The Changing World of Gin Botanicals
Gin used to be easy. You drank Gordon’s or you drank Beefeater, or maybe if you were bolder you drank Tanqueray or Bombay Sapphire. And you stuck to what you liked. They all tasted of juniper, and only people in the trade wondered what else went into them. Today, though, botanicals are booming. Craft distillers are experimenting, especially in Europe, and consumers are too.
The only botanical you must have in gin is juniper. If the spirit doesn’t taste predominantly of juniper you can’t call it gin. But other than some kind of fixative, like angelica root, which binds all the flavors together, you can put whatever else you like into it. You can go heavy or light on the citrus, or leave it out altogether. You can add local ingredients that make the gin taste of its homeland. Mother Nature is right on the doorstep, and now more than ever, distillers delight in discovering all the flavors she offers.
Take Jamie Baxter at 45 West Distillers, which is based on a farm in Leicestershire in the center of England. Baxter named his gin Burleighs after his local wood, where he found some of his botanicals. “I was walking in the wood and there were dandelions, and nearby some burdocks,” he recalls. “I thought of the old English soft drink — Dandelion and Burdock — and wondered what they would be like in a gin.”
“Eleven botanicals go into Burleighs. They include the familiar botanicals but we also use dandelion root, burdock root, silver birch, and elderberries. Those are the four unusual ingredients we use. Dandelion root smells very honeyed. I put this in because I also use the burdock root, which smells a bit like wormwood – and I’m a big absinthe fan. I’m going to use it for other products, but I don’t know what yet.”
Further north in England’s scenic Lake District, the Lakes Distillery also uses botanicals found in the area, including bilberry, heather, and meadowsweet. The new distillery, which opened in December 2014, is also working with conservation groups to bring back the local Cumbrian juniper trees. Cumbria was once a stronghold for English junipers, but they have been dying out, and many British distillers import junipers from Tuscany and elsewhere.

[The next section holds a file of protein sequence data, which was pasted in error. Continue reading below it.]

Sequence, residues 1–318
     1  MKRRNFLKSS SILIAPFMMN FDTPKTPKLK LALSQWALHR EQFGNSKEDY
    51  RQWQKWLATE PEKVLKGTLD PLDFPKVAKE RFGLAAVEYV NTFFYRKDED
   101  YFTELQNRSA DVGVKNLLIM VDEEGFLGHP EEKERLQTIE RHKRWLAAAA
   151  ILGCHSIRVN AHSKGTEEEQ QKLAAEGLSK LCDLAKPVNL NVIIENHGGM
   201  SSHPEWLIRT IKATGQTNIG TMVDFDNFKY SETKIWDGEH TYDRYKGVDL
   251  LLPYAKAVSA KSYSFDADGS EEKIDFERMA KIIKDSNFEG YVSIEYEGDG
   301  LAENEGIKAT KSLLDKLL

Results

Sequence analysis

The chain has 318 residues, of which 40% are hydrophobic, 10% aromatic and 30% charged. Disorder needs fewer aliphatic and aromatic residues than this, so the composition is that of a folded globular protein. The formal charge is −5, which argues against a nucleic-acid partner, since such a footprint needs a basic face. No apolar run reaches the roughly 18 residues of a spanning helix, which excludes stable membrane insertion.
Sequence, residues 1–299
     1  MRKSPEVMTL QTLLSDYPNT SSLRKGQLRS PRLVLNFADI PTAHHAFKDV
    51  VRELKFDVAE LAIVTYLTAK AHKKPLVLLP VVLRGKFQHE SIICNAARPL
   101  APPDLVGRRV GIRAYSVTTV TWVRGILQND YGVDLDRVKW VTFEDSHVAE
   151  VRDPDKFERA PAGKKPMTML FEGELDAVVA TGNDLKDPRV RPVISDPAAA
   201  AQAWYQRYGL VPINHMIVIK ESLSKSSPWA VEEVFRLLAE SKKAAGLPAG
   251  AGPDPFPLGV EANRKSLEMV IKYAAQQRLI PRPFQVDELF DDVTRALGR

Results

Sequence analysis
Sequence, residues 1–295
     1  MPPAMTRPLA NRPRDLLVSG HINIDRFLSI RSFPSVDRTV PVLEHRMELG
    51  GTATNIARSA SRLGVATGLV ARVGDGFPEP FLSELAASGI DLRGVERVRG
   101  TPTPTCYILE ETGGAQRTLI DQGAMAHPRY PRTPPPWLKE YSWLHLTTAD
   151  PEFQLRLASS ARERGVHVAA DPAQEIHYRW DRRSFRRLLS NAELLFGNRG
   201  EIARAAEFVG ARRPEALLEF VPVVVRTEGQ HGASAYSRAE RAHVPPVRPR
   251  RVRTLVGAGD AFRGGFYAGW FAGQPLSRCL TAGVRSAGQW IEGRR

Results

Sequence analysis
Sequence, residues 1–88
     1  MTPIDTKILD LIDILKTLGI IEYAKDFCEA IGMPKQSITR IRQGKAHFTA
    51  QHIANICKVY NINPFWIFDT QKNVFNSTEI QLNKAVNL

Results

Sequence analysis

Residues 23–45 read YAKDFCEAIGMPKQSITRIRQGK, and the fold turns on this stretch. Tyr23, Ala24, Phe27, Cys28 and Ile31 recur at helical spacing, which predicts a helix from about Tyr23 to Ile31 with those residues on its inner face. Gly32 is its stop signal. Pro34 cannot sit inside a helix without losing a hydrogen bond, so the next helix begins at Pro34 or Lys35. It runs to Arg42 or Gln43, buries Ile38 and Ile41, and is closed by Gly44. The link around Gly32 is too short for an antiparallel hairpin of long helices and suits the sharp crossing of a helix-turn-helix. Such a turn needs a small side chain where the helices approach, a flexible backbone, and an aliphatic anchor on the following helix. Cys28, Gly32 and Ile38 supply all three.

Coincidentally, the Lakes Distillery is close to the Scottish border and is also England’s largest whisky distillery. If the English can make whisky then the Scots are showing they certainly can make gin. On the whisky island of Islay, home to famous names like Ardbeg, Laphroaig, Lagavulin, and Bowmore, the Bruichladdich Distillery surprised everyone when they came out with their gin, The Botanist. In addition to nine more conventional ingredients, the Botanist also has 22 local botanicals harvested from this Hebridean island. It’s Islay’s only gin.
In another Scottish whisky stronghold, Speyside, Caorunn has proven that you can make a distinctly different gin using Scottish botanicals. These include Scottish heather, rowan berries, bog myrtle, Coul blush apple, and dandelion leaf. The result is a gin that is floral yet earthy, and with a taste so delicate that it can easily get swamped by tonic water. Caorunn recommends a gin and tonic that is equal proportions of each, with a slice of red apple. Caorunn is an example of a modern gin whose unique and somewhat delicate flavor profile must be taken into account when mixing drinks.
In Sussex in southern England, Blackdown opened in 2013 and produces the only dry gin in the county. It quickly started winning awards and harvesting gold medals galore. It uses fairly conventional botanicals but with one key ingredient – sap from the silver birch trees in the 40 acres of woodland that surround the distillery.
Across the channel in France comes another surprising gin with surprising ingredients and from a surprising place — Cognac. It’s an area where they clearly know how to make classic spirits (Grey Goose is also based there), but G’Vine Gin is a first. The gin is distilled from ugni blanc grapes, which are good for making Cognac but not good for much else. In addition it blends in grape flowers, picked when the vines briefly blossom for a few days in mid-June.
G’Vine chooses lime for its citrus notes; the only other unusual botanical is the cubeb berry. Also known as the Java pepper, this, along with nutmeg and ginger, adds a little Oriental spice. G’Vine’s recipe for the perfect G & T suggests keeping to the grape theme and garnishing with three grapes on a skewer. G’Vine has also picked up gold medals for its gin.
Yes, gin used to be easy. But no longer. Juniper may be present, but it doesn’t define all modern gins. With more and more countries getting into the gin game, gin lovers are finding a slew of ever-more tempting botanical blends to explore.